“But at the heart of communism lies a paradox, which is that the renunciation of God is the founding article of faith. In the zealous belief that they had moved beyond the realm of God and faith into the realm of the scientific laws of history, the revolutionaries and their supporters reveal themselves precisely to be true believers.
“And here we need to be able to think outside of the categories we have grown up with. There are of course different definitions of religion. No Christian or any monotheist will accept the definition of communism as a religion because for them the presence of God lies at the very root of defining what religion is. But it is only the religions of the book – Christianity, Judaism and Islam – which share a common origin in the Old Testament, that put such an emphasis on God. This is not the same for Buddhists, for example, for whom God is not important or is a secondary item in religion, and this is true of other religious systems.
“There is a scientific and sociological definition of religion that is very different. This view – as expressed in the work of Emile Durkheim and Max Weber, as well as many anthropologists – defines religion as a kind of totalising experience, something for which people are prepared to sacrifice everything and which makes sense of their entire lives. By this definition, of course, communism is religion. For millions of people the sense of their lives was defined by communism as a set of beliefs. Communism was real religion.”
Ryklin’s book focuses on the writings of six European intellectuals – Bertrand Russell, Walter Benjamin, André Gide, Arthur Koestler, Lion Feuchtwanger and Bertolt Brecht – all of whom travelled to Moscow with high hopes for the revolution. Taken together these texts form a genre of their own, named as “returnee literature” by the French philosopher (and Ryklin’s former teacher) Jacques Derrida. Each author visited Moscow between the October Revolution of 1917 and 1939, when, Ryklin argues, the religious age of Soviet communism expired in disappointment over Stalin’s pact with Hitler.
But why would a Russian writer turn to outsiders for clues to the underlying logic of communism? “The experience these writers record was such an unusual experience, such a surprising experience, that it makes sense to single it out as a distinct genre. They record a kind of pilgrimage to the Mecca of revolution, their real-time perceptions of what was happening, and their doubts, during a time before the loss of innocence and huge disappointments of the totalitarian period. After 1939 we do not find texts that are so religiously inspired by this Soviet experience. I was very interested in why such a diverse group of people made this pilgrimage to Moscow and wrote these inspiring texts about the achievements of the revolution and the future of the revolution – how can we explain this exaltation? This was my initial question.”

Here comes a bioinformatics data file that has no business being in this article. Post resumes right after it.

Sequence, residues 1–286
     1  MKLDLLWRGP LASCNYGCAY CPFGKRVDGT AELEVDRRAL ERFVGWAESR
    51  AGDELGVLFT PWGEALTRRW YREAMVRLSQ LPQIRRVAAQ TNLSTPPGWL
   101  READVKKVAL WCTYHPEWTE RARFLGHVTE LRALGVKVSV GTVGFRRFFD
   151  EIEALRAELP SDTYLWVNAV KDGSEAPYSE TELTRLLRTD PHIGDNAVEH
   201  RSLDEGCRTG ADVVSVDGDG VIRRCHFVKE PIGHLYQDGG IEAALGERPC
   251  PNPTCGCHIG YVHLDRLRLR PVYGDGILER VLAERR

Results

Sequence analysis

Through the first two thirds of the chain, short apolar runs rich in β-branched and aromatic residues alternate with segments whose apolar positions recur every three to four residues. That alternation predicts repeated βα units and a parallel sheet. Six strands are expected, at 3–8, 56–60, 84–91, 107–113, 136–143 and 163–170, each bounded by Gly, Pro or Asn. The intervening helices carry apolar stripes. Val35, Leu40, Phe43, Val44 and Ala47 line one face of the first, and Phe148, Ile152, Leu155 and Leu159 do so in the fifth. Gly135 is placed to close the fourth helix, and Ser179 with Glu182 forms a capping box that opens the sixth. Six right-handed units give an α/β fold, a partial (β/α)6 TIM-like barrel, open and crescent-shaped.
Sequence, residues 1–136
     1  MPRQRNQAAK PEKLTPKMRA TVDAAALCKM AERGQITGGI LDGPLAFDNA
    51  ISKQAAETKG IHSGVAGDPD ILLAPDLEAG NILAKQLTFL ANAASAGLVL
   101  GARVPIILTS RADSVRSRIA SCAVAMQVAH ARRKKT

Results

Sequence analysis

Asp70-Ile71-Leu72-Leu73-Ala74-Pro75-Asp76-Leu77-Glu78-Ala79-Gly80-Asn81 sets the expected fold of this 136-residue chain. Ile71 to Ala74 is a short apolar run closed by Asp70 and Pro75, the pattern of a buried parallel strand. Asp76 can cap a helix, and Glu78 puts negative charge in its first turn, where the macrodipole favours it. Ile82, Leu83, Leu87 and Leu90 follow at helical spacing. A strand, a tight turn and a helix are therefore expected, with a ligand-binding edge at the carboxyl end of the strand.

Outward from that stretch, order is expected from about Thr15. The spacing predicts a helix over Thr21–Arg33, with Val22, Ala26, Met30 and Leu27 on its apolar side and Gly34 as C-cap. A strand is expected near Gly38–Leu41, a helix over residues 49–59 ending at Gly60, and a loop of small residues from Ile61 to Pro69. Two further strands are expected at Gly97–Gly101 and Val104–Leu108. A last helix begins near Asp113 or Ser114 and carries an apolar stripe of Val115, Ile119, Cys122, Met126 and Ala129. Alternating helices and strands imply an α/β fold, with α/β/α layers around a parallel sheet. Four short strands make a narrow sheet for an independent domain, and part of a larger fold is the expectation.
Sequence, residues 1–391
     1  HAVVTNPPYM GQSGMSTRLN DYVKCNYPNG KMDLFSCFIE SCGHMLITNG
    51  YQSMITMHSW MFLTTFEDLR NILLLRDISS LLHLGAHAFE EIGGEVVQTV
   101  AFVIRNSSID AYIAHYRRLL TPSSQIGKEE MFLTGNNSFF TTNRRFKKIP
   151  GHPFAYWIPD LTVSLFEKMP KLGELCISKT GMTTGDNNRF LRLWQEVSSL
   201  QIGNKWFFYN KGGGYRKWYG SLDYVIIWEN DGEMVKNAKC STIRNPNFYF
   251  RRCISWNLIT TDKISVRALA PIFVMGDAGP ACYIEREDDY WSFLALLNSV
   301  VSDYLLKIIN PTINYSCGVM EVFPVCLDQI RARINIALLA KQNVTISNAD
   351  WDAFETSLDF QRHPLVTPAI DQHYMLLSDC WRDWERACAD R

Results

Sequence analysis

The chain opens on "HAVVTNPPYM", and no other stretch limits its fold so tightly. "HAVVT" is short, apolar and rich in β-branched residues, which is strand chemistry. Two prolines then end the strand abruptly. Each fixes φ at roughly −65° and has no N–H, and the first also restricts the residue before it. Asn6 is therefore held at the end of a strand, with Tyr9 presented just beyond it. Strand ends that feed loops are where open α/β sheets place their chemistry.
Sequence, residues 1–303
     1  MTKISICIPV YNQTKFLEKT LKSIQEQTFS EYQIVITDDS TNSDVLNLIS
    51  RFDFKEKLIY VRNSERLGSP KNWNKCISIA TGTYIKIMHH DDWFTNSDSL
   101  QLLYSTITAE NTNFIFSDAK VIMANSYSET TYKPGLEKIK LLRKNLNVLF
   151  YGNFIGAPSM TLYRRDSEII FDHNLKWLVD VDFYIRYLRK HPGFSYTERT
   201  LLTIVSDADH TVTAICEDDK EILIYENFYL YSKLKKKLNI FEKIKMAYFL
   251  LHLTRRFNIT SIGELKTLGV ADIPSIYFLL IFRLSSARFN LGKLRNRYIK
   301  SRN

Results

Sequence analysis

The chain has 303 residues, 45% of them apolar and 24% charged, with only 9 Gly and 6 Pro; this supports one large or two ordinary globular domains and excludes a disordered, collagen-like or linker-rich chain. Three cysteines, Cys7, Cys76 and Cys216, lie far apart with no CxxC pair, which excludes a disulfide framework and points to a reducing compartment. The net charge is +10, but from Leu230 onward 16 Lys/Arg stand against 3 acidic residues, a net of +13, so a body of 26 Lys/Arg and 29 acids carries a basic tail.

Taking the authors in the order in which they visited Moscow, Ryklin turns first to the great British rationalist philosopher Bertrand Russell, who travelled with a trade union delegation to Moscow in 1920, two years before the Soviet Union came into being. He met and talked to Lenin during his stay, and when he returned to Britain he wrote his classic treatise The Practice and Theory of Bolshevism. “Russell was part of a general disillusionment with capitalism after the First World War. They were angry and they believed that the state of things needed to be changed radically. Russell genuinely admired the Russian radical turn. He wrote that the Bolshevik Revolution could turn out to be more important than the French Revolution and he believed that the Russian social order was so rotten that it deserved to be abolished. What he could not accept was the violence. He was somebody who did not believe that you can bring up justice by means of violence and that was his main argument against Bolshevism.”